I was much happier being able to keep busy and pass the time in a useful manner.
Next, we were back on the afternoon shift when the car mover's engine gave out and we were forced to use the big IT38 loader to move the cars.
We were down to about 6 cars per shift and Cliff put us on 10 hour shifts to make up for lost production.
We worked from 4 p.m. -2 a.m. for a month even after the car mover had returned with a new engine and other repairs completed making it much improved.
We now unloaded 16 cars with ease and sat in the shop for a few hours every night collecting overtime.
Once the shop manager learned of my mechanical background I had a regular place to work assisting the truck mechanics.
It was common for the train not to show up at least once a week meaning no work for the crew who were told to stay home.
I was welcome at the shop and never missed hours of work.
One very stupid thing about Trimac was the way nobody was on a regular schedule.
Each afternoon the next days roster was put up and we never knew if we would be on days, afternoons or no work.
Another job that could be done during a shortage was loading slag.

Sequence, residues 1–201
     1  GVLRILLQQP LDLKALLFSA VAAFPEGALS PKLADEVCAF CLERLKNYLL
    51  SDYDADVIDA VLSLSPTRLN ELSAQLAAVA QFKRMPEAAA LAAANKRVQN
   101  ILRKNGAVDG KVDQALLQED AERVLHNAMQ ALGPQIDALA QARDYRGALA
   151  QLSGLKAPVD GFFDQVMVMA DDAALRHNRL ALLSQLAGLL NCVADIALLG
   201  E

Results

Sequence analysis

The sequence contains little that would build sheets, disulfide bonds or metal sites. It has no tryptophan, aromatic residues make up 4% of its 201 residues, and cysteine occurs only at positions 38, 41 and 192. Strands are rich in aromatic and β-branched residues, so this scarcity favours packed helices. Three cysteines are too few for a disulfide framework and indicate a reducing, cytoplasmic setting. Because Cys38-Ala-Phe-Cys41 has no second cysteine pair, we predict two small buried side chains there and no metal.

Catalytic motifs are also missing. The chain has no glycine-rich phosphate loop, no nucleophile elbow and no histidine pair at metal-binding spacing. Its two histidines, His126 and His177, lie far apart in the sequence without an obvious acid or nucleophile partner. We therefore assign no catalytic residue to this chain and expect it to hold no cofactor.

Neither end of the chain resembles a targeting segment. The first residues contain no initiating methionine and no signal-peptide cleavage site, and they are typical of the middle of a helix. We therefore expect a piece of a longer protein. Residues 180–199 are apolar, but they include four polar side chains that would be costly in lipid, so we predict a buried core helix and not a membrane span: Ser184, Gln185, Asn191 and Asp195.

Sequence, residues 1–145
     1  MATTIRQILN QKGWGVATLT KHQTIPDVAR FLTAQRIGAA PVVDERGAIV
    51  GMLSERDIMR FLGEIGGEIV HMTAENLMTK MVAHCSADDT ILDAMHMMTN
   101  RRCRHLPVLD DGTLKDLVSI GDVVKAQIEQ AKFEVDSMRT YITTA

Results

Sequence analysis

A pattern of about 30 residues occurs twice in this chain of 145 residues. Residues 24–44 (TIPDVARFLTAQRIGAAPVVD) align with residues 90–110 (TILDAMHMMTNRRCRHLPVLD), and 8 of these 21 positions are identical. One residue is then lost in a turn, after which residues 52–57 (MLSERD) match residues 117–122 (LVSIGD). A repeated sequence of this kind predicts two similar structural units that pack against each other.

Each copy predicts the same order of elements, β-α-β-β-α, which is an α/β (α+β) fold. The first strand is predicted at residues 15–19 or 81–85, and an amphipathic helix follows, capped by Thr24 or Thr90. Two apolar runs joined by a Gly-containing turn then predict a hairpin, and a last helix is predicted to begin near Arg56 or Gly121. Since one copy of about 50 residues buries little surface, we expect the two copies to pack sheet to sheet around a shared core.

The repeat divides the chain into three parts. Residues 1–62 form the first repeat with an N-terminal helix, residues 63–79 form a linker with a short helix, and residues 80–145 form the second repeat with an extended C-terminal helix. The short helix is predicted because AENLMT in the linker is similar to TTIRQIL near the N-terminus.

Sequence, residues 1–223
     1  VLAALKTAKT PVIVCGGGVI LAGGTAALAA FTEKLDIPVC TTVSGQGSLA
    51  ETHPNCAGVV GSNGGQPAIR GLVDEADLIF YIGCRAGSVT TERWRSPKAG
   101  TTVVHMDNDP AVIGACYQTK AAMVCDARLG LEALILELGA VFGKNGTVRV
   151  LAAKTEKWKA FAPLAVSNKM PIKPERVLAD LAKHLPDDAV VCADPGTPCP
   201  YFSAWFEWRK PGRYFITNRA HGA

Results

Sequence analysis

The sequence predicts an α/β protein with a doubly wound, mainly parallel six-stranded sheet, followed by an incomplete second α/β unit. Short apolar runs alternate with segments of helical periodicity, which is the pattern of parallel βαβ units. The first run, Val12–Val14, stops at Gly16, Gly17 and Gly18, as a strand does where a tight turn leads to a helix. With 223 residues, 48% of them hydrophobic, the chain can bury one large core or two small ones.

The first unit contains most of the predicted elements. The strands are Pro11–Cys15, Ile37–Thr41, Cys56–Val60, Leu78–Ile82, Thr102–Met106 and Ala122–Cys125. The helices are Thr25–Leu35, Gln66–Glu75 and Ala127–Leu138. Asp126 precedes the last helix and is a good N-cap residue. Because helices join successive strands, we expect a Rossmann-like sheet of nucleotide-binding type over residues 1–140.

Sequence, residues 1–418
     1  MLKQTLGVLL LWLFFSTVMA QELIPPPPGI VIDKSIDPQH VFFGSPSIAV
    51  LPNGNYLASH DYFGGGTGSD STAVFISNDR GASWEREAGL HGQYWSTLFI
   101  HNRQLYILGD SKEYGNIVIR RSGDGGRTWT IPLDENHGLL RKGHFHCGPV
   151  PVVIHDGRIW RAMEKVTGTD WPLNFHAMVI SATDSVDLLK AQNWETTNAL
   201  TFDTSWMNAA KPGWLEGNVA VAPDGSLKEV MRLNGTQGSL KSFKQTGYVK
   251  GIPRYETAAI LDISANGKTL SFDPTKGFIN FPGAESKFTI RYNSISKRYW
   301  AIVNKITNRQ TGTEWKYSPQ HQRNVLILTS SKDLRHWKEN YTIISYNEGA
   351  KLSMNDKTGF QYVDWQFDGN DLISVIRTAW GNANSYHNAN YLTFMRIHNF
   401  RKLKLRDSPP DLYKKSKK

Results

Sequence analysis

There were usually a few of the hopper cars (at right)
on hand that could be moved to a conveyor where using the IT-38 we loaded from the pile of black material onto a feed belt which carried it up and deposited it into the cars' 3 compartments.
The belt had a scale that automatically stopped the belt when the required 65,000 pounds per compartment was reached.
The car was then moved to the next compartment until filled. The job could be done at a leisurely pace that took at most about half an hour per car.
During dark snowy nights the slag was invisible making it hard to operate around.
The slag also froze into big chunks that had to be manually broken up with a long wrecking bar in order to move up the belt.
If it was windy the sharp glass-like granules pelted our exposed face and got inside our gloves.
By a year and a half into my "tenure" we had 4 other guys added to the crew with Kris having been fired after his numerous write-ups. I liked him and had worked on dunnaging with him numerous times.
Although he did work at a relaxed pace it was his mouth that was his undoing as he argued with bosses and other coworkers constantly.